We were so ready for our winter snow trip. We’d bought and borrowed as many winter outfits as we could, secured a capable and comfortable 4WD vehicle (a 2017 Pathfinder, courtesy of Nissan – look for a review soon!), and quickly pounced on four affordable plane tickets during one late-night search.
My wife and I had promised our two Florida-born-and-bred sons they’d see snow this winter, and we were going to deliver. Our plan was to stay with friends on top of a white-capped mountain in western Maryland. During the week leading up to our departure, our collective excitement grew as we salivated over the white-drenched scenery shared with us from friends and family already there.
When the day finally came, we kissed the sunny, 75-degree Fort Lauderdale late February morning goodbye, and boarded our plane for Baltimore; four full days of snowball fights, building snowmen, and tubing awaited us.
Of course, if you’re anywhere near the mid-Atlantic, you already know what happened next.
We were greeted by record-high temperatures a mere three degrees lower than what we’d left. I’m not exaggerating when I say our first act after disembarking from our flight was removing our sweaters.
Needless to say, our winter snow trip didn’t go as planned. Without the expected snow, we were forced to improvise…and as a result, we were able to do and learn things we wouldn’t have had the chance to otherwise. For example:
I Enjoyed a Preview of the Apocalypse
With temperatures fluctuating between 40 and 50 degrees for much of the first two days, we were able to stay comfortable under only one or two layers of clothing. Due to recent snowfall, the surrounding foliage was bare of color.
This combined for an odd paradox. The temperature was still too cold for the trees that lined the rolling hills surrounding Cumberland, MD to bloom, yet not too cold that I couldn’t sit outside on the porch swing and marvel at the scene.
It was surreal. The normally lush, green mountains were stripped down to their bare brown roots. In front of me were hundreds of thousands of natural skeletons, stretching as far as the eye could see. I couldn’t help but picture myself in a gritty, post-nuclear fallout novel set in the not-so-distant future every time I glanced out a window.
Somehow, I think snow would have dampened the effect.
We Became Certified Bad Asses
Our hosts for the weekend own a gorgeous house backed by a vast expanse of wilderness. They also own a stable of all-terrain vehicles. I’ll let you guess which one of these was more important to our kids.
Within an hour of our arrival, the kids, our host’s husband, and myself mounted a couple of the ATVs and took off into the woods – tearing up and down narrow rocky trails, past several abandoned, century-old wooden homes, and a private pond with an ancient diving board extending from the dock.
On day two, the wives joined us, and we traveled up to the peak of the mountain at sunset, only to be rewarded with an unencumbered view of the entire town below.
Driving a four-wheeler isn’t quite like riding a motorcycle, nor is it quite like driving a car. It is, however, 100% awesome.
I Achieved a New Driving Accomplishment (Sort of)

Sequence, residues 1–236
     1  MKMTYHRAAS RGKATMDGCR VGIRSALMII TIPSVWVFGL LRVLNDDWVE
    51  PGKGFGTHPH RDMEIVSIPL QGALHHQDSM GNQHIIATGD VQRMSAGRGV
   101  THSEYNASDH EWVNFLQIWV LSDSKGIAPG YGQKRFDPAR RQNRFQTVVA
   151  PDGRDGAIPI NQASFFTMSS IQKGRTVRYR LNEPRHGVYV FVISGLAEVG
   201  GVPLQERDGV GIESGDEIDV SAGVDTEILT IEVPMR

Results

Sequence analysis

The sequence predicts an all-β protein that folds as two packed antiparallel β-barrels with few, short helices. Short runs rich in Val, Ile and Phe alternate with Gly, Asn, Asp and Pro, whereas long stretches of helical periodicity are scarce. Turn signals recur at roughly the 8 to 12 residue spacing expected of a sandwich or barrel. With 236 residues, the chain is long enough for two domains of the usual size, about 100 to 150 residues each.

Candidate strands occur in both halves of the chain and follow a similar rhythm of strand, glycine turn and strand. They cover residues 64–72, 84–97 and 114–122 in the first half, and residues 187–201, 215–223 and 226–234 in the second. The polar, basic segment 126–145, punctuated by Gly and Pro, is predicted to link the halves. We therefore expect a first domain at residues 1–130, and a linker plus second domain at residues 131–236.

Having never driven in the snow, I was kind of looking forward to putting a new feather in my driver’s cap – which is totally a thing. I would brave the slick ice, and push the boundaries of my vehicular control skills. Everyone back in Florida would be totally impressed.
That didn’t exactly happen.
At the very least, I can say I’ve driven through the Appalachians in February without incident. In fact, I did technically drive through some snowfall. Which leads us to our family’s final realization:
Our Kids Will Be X-Games Stars in No Time
While our trip was completely devoid of blizzards, snowmen, and epic snowball battles, we did encounter some honest-to-goodness snow one day. The capstone of our trip was an hour-long trek out to the Wisp Resort in nearby McHenry, MD.
Along the way, we encountered more than a few flurries of tiny snowflakes rushing toward and around our windshield. So, ha!
Although the unseasonably warm weather hampered the onsite artificial snow-making, and the highly-anticipated snow tubing lanes were closed, there was just enough of the white stuff on the ground that the boys and I were able to go snowboarding together for the first time.
I’d only tried this particular feat once before – close to 15 years ago – so I was a little unsure of the advice I was doling out to my sons. They didn’t listen to much of it, which was fortunate, because as it turns out, they’re both naturals!
From the very first time they strapped in, both were able to stay upright and navigate down the hill with relative ease…a couple close calls with other visitors notwithstanding.
Within 3 hours, my four-year-old was doing little hops and 360-degree spins, and my seven-year-old was picking up serious speed on longer and longer downhill runs.
I managed to make it down once without falling flat on my ass.
No Snow, No Problem
While our winter snow trip extravaganza wasn’t quite what we’d planned on, it was undoubtedly a fun trip that ended far too quickly. Looking back, I’m convinced that more snow may have actually hampered our enjoyment rather than heightened it.
My kids still haven’t shut up about buying a four-wheeler, and every time I’ve stepped outside since being home, I’m a little disappointed at not being met by a wistful living graveyard. Our suitcases are still half-packed, almost begging us to pick up and go back…which we plan to do this summer.
We won’t be chasing snow this time around – but our expectations couldn’t be higher.